I can hear some of you asking “So what’s the traditional story?” or “What have others done?” Guinevere is quite the busy lady, so here’s a rundown. (If you want a shorter version, check out my post Arthurian Legend 101.) In many traditions, there are two Guineveres (the true and the false), who are sometimes twins, sisters, or lady/serving maid. In Welsh tradition, there are three. But for purposes of this overview, we’ll just assume there’s only one.
Early life – Traditionally, Guinevere is the daughter of Lord/King Leodgrance or Leogden. Nothing is ever said about her mother, siblings or early life. Was she close with them or perhaps abandoned or abused by them? We don’t know. Some fiction writers have had her grow up on Avalon, others make her childhood friends with Elaine, Morgan, Lancelot or even Arthur. Some have given her lovers or even husbands before Arthur. Because tradition tells us almost nothing, authors are free to use her early years to influence the decisions she makes later in life. I’ve done the same thing in my books because all of us are who we are as the result of our experiences.
Queenship – Ah, yes, the be all and end of Guinevere’s life is that she marries Arthur. Most of the time she’s barren, but a few authors give her a child or two, usually sons, who die in childhood, making way for Mordred to lay sole claim to the throne. No wonder so many modern fiction writers, myself included, try to breathe life into other parts of her existence. No woman is defined solely based on who her husband is or whether or not she has children – not anymore.
To me, this picture shows Guinevere at her most powerful, in her role as Sovereignty
It’s interesting to note that in nearly every version of the tale, traditional or modern, Guinevere becomes High Queen, not just Arthur’s royal wife. Whether portrayed as Christian or pagan, in this role she is Sovereignty Herself, the Goddess who bestows (and can take back) all power. So in this reality, it is Arthur who is dependant on Guinevere for his identity as High King.
No wonder she gets kidnapped so much! In almost every story, Guinevere is kidnapped by one or more lords seeking to use her to usurp the throne. The most common culprit is a rebellious Lord named Malegant or Melwas, whose heavily guarded castle is sometimes set on Glastonbury Tor. In some fiction he uses Guinevere only as a bargaining chip, while in others he is outrageously brutal, raping her in attempt to sire a child. Usually, its Lancelot or Arthur who rescues her.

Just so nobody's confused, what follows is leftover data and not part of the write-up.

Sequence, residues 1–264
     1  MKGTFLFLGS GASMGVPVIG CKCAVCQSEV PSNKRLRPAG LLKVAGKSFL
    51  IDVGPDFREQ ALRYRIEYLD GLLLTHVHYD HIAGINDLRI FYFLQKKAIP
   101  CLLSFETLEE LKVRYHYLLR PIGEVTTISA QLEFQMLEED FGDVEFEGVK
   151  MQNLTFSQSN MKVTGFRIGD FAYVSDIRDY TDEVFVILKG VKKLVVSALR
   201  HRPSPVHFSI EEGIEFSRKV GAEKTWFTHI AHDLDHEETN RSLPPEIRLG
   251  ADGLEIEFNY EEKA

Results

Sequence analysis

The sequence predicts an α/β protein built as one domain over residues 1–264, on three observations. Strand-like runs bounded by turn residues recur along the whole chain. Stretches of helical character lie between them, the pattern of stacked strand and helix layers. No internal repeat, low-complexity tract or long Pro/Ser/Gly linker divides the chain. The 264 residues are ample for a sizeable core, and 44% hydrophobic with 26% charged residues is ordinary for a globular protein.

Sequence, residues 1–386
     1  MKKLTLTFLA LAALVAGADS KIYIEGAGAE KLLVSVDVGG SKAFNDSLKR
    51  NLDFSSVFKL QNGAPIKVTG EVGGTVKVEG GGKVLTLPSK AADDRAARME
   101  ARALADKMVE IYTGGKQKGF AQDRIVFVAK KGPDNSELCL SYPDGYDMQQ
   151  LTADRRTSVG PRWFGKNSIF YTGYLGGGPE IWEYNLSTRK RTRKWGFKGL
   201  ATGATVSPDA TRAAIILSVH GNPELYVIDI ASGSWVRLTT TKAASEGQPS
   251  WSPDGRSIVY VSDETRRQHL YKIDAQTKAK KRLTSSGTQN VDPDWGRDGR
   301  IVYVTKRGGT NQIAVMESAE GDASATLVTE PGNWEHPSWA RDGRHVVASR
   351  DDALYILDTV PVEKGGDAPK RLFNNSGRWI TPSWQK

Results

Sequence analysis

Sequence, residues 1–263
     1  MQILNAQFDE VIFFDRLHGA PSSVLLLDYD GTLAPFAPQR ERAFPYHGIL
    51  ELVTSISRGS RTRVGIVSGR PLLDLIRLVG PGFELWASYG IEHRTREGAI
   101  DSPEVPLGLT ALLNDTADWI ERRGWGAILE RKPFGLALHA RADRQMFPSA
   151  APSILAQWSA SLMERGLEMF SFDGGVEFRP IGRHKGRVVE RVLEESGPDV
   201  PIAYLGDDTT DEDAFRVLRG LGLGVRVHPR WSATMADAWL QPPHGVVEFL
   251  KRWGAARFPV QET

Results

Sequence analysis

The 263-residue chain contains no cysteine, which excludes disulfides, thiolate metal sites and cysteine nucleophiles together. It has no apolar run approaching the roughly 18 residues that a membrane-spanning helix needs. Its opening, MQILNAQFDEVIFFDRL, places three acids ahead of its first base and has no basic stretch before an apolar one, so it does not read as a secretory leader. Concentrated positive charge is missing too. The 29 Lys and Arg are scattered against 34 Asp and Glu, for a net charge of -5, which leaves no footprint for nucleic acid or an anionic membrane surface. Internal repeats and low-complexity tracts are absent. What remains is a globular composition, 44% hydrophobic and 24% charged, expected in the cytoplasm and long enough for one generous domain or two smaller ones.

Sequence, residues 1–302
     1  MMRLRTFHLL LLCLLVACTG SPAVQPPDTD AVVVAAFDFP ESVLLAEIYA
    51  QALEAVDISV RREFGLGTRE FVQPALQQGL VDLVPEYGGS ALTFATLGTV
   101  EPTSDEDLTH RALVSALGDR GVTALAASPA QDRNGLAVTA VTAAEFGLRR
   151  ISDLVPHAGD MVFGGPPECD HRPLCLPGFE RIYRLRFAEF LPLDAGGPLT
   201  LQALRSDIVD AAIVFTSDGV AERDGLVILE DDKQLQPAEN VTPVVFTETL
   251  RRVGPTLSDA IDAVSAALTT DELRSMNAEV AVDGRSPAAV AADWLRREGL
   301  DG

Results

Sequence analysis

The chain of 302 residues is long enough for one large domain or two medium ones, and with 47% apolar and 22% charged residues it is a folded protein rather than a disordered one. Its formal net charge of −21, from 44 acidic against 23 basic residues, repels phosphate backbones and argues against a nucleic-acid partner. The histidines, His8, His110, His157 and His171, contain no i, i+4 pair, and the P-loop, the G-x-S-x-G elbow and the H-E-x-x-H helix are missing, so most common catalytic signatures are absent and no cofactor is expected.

Poor Guinevere. I don’t think I’ve seen any version of the story (at least one where she’s a main character) where she is faithful to Arthur. Lancelot is, of course, her most famous and most popular lover, but other characters including Mordred, Kay, Bedivere or any number of the Knights of Round have been named. Was she simply a randy little lass? Maybe. But this storyline could have come from the Celtic practice of polygamy (which I’ll write more about in the future) or in the idea that as a representative of the Goddess, she could choose her lovers at will. Or it could simply be a morality tale added in the Middle Ages by monks seeking to show wives what evil could befall them if they were unfaithful to their husbands. As I’ve said above, I didn’t get this far in any modern fiction, but my guess is her reasons for infidelity likely were influenced by her relationship with Arthur and other life circumstances, because most people don’t just up and choose to have an affair; usually they will tell you they were driven to it by circumstance.
As if once isn’t enough, some versions have Mordred kidnapping Guinevere after Lancelot rescues her from the stake. Sometimes Mordred marries, rapes or takes her as a lover in a quest to secure his claim on the throne (back to that Sovereignty idea again). Some writers have even made Guinevere a willing party in shacking up with Mordred. Directly or indirectly, this situation usually leads to the battle of Camlann, where both Arthur and Modred die.
Some say Guinevere eneded her life as a nun. I doubt it.
Life after Arthur – Guinevere is traditionally said to either have died of grief after Arthur’s death or lived out her days in a convent. I always thought the convent thing was a sign of penance, but in King Arthur’s Children (to be reviewed here in a few weeks) Tyler Tichelaar, Ph.D., posits that a convent could have been a safe haven where Guinevere could wait out the battle of Camlann and be either rescued by or safe from the victor. I’ve only ever read one book that explores Guinevere’s life after Arthur, Beloved Exile by Parke Godwin. In it, Guinevere ends up a Saxon slave (I won’t ruin it by telling you how). It doesn’t appear that her owners know who she is or her great value, which to me, would have made the story a whole lot more realistic. I have my ending planned (nope, no slavery here) and I have no doubt it’s different from anything you’ve ever read.
So, what Guinevereian fiction have you read? What parts of the plot did you like? Which parts didn’t work for you? If you were to speculate about her life, what would you say happened to Guinevere throughout the years?